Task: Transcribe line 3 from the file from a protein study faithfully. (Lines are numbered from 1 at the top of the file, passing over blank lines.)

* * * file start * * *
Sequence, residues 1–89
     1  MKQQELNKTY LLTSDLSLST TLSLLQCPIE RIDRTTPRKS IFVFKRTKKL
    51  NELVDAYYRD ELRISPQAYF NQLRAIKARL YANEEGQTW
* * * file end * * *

    51  NELVDAYYRD ELRISPQAYF NQLRAIKARL YANEEGQTW